Test of Time wasn't journalism, but I'm sure it provides plenty of insight into Kasparov at the time and I'm just as sure it would be interesting to confront Garry with his old comments. Just as it will be interesting to see this piece in the light of how Carlsen develops. First drafts can change quite a bit. My point was more that unlike all the chess beat snippets we get, this is from a writer who will never have to speak to any of these people again, and vice-versa. He spent many months going back to people, following up, etc. and yet isn't stuck in the clique. Outsider with access is a powerful dynamic.

55% actually

A business decision? - Call a spade a spade, will you!

outrageous comments from Carlsen about how he hates Kramnik. He really is a little boy after all. The fact that Kasparov hates Kramnik is not a surprise. Kasparov likes hating other people.

Eh? I didn't get anything about Carlsen hating Kramnik. I thought it was an interesting insight about how he thought Kasparov's passions sort of infected him, which makes sense. I do think "hates" is quite strong for Garry's feelings about Kramnik, at least by now, six years after he left the pro game. Garry generally talks about Kramnik and his chess quite respectfully these days, even if he still doesn't miss a chance to get a dig in.


Boring. They just plugged him in to Fritz about the time he started speaking and had a grandmaster train him from morning to night. There is nothing spectacular about Carlsen. If it were not him, it would be one of the dozens of Chinese whose parents do the same thing.

The reason Carlsen will not have the same sway as Fischer is because Fischer, for the most part, went at it alone.

Finally, Carlsen has all the personality of a nail. He's somewhat of a dimwit whenever they place the mike in front of him, no? Going around with that cheap suit, prostituting himself for the first sponsor.

****END AUDIT****

Regarding your hopes for an unsecured PDF, are you against pdf decrypters? They come in handy for copying and pasting that which couldn't be copied and pasted before. (I realize you have the PDF now and maybe it is unsecured, but for future reference ... unless you're morally against the tool, there's no need to retype.)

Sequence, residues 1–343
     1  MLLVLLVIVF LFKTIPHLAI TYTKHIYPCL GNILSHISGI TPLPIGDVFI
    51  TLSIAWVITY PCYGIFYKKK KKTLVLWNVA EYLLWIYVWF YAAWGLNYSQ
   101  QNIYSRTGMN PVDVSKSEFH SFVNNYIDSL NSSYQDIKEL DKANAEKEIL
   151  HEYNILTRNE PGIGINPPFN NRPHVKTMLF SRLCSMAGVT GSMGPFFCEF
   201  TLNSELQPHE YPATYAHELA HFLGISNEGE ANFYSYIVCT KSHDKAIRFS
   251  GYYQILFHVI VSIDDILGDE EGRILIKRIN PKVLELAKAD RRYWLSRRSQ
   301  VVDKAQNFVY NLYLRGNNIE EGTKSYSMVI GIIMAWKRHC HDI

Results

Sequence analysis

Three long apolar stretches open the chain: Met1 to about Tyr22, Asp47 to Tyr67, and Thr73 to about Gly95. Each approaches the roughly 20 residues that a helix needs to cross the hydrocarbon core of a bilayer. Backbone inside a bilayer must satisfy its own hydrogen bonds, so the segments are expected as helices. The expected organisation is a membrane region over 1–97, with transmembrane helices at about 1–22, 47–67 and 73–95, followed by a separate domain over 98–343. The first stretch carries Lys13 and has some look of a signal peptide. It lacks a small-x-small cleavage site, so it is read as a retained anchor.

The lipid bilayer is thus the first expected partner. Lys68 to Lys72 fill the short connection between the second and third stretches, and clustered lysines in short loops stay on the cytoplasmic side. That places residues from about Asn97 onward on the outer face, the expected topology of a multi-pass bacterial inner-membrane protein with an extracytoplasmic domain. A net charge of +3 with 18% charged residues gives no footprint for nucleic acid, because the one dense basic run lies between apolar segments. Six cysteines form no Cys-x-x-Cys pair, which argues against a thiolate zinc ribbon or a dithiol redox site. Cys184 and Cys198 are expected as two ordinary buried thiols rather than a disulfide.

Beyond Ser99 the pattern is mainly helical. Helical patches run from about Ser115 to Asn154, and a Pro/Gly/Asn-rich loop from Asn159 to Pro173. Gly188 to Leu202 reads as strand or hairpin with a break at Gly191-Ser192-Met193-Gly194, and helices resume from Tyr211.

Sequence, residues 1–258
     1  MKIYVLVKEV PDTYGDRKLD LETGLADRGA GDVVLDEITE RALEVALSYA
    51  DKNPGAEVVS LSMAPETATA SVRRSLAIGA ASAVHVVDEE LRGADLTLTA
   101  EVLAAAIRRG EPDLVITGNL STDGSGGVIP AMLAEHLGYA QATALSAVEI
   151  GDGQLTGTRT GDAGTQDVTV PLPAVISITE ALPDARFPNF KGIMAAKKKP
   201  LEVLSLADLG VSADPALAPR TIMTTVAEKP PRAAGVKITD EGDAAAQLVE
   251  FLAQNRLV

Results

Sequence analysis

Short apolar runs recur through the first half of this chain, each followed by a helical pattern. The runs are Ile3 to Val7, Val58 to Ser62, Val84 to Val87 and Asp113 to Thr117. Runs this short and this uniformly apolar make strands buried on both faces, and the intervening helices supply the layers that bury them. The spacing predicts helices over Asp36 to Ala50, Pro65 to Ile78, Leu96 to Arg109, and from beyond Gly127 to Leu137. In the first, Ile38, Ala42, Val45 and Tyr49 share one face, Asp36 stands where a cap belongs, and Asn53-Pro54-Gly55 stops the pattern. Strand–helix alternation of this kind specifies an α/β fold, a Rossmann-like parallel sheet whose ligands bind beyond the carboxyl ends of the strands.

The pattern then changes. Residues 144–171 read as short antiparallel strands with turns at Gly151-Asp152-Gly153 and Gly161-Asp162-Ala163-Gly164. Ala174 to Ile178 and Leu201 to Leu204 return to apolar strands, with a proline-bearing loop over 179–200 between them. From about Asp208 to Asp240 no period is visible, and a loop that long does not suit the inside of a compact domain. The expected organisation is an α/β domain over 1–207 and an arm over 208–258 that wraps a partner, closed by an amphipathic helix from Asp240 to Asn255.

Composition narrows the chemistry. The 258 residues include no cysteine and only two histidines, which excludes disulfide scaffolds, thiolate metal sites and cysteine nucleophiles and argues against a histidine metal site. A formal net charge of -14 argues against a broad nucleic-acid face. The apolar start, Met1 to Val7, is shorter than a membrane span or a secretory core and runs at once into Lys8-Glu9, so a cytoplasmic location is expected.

Did you read the article you yourself actually linked to?

Carlson's quote:

"Kasparov really hates Kramnik. And so by listening to Kasparov... it's really hard not to get some of these thoughts myself.""

The doctor told me I had a frugal infection. He prescribed me some ointment and I used it sparingly.

A mop and bucket played a game of chess. The mop cleaned his opponent off the board and the bucket was quite pale.

If the Godfather ever plays the Sicilian again you, make sure you don't capture his knights. Otherwise you'll wake up with a horses head next to you in bed!

Dear Mr. Fischer apologist (already one count against you),

"There is nothing spectacular about Carlsen." ??

Really? That's brilliant. After you've finished your dinner of chinese cabbage and bitter melon,
why not take your puny and cynical personality somewhere else far from here.
Aren't you also a skier? How about planting one foot firmly in front of a nascent avalanche, while the other one is in your bright green mouth.

Norwegians have not always been as even-tempered as young Magnus:

In tournaments, computers should not have access to databases of games or opening books but should have to rely solely on "brute force" calculations. You know, the way human beings do it (i.e. no electronic databases allowed to humans.)

The problem with Kramnik is that, like Petrosian, he plays not to lose. Kramnik's approach is the opposite of Alekhine, Fischer, and Kasparov.

What about the opposite approach: Computers can not have access to game or opening electronic databases. The computer can play only using brute force calculation. At one Trillion calculations per second, the computer should do just fine.

You have interesting reading habits, Ashish. An obsession, or just a stumble upon? When I was 12, I found a book in the library about Medieval-age torture. That was enough to send me away from that subject forever. I like sleeping at night.

Heck fire, some of my correspondence games are torture enough.
And all of this has pretty much zero to do with young Magnus, who is one hell of a good chess player.